Hundreds march for action on ‘heartbreaking’ housing crisis in Cork

Attendees call for political change to address accommodation shortfall

Up to a thousand people took to the streets of Cork on Saturday afternoon for a Raise the Roof campaign rally with protesters calling for immediate changes to the Government’s housing policy.

Among the attendees was Caitríona Twomey, who runs Penny Dinners soup kitchen in the city. She said she was representing members of the public who come “crying, emotional and upset” to Penny Dinners seeking basic foodstuffs.

“Also those who are in homes but facing eviction. Those with rent increases. Those who can’t afford to pay their mortgages. And those who are on the streets. I believe that the homeless statistics don’t represent [the reality].

“It [homelessness] is much, much higher. There are three or four generations living in a family home now. And they are just not going to get any place. The Government has to take notice. People wouldn’t be on the street protesting if there wasn’t any issue. The issue is huge.


“We [at Penny Dinners] are at the coalface of it and we can’t handle it any more. It is too heartbreaking. I have no answers for anybody that comes to me. I can’t do anything for them.” Ms Twomey said all she could do was give people “a sleeping bag, comfort, and a kind word”.

Meanwhile, Martin Leahy from Ballinadee in Co Cork told Cork’s 96FM that he is facing eviction and fears for his future. The musician, who was attending the protest, said he travels to the Dáil every week to highlight housing issues.

“It was week 57 of my protest last Thursday. I [always] play my song Everyone Should Have a Home. I have an eviction notice looming but I haven’t been served yet. That is terrifying. What is available [housing wise] is outside my price range.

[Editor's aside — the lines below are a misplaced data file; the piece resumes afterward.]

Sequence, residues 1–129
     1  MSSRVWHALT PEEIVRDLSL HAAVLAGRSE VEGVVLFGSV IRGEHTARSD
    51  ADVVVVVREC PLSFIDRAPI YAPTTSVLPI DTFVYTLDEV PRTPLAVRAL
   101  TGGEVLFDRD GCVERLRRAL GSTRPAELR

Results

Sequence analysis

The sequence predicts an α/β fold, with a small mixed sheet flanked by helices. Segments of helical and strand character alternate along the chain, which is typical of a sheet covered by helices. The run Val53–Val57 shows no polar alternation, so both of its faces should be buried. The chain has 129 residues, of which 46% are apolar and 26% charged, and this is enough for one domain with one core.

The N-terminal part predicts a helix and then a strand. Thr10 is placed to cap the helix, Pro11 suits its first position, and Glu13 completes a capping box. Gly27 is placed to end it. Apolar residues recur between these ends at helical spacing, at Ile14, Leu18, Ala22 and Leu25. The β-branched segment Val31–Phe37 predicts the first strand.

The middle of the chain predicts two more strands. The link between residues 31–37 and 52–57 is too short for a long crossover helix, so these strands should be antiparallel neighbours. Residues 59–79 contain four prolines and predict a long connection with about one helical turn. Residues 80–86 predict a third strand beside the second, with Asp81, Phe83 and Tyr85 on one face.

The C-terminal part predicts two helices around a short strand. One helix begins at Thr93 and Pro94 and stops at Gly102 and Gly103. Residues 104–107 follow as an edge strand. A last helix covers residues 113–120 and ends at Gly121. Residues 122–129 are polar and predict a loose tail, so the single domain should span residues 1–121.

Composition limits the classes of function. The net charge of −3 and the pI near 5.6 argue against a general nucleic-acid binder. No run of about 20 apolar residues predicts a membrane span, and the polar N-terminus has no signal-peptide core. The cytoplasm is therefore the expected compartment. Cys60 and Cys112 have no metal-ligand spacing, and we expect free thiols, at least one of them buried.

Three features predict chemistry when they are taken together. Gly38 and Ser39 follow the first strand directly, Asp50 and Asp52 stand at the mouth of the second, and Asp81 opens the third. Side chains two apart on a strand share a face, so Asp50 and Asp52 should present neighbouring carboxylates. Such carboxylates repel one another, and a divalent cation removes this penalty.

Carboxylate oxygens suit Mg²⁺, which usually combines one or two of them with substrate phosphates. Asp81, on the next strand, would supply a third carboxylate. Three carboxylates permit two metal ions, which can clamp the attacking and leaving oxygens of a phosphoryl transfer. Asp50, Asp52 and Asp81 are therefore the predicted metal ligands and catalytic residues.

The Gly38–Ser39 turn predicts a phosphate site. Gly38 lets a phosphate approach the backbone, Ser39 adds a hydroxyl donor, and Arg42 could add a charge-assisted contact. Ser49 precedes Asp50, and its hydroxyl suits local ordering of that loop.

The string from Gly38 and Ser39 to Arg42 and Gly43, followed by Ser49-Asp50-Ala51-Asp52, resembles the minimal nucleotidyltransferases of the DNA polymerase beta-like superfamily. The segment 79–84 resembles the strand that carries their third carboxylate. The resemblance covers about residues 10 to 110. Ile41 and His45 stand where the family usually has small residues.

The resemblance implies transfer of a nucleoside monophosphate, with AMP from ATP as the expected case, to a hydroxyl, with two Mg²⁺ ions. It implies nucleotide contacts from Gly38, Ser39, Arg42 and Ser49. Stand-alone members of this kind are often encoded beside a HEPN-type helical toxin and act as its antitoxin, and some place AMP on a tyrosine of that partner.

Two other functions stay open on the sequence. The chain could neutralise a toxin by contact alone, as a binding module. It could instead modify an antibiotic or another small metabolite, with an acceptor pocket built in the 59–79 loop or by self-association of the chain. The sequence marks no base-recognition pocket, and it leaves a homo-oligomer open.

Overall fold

“I think the turnout today is inspiring but it is sad that we have to do it. It is a regression in our society. It is terrible to think that people have to take to the streets for a basic human right such as housing.”

A college student, who gave the name Judith to 96FM, said she was attending the rally to demand action from the Government. “There are over 3,000 children homeless in the country at the moment. I can’t believe that the Government is doing nothing to provide this human right,” she said.

“There has been a lot of anti-refugee rhetoric as a scapegoat for the housing crisis. But we really need to shift the blame from refugees to the Government. We need proper housing immediately.

“There are also so many college students homeless at the start of the year. It could be me next year.”

Meanwhile, Siptu TEAC division organiser Adrian Kane said the Government was failing to listen to the concerns of the electorate.

“If anything is a testament to this fact, it was surely the last two significant actions concerning housing that this Government took: lifting the eviction ban and waiving development fees.

“And I believe it will continue not to listen because it comprises of parties that are united in an ideology of ‘I’m all right, Jack, increase property values so the rich get richer’ and a fundamental disregard for the working people of Ireland. That is why I believe the message we must take from our years of marching is one thing: we need political change. We need radical political change.”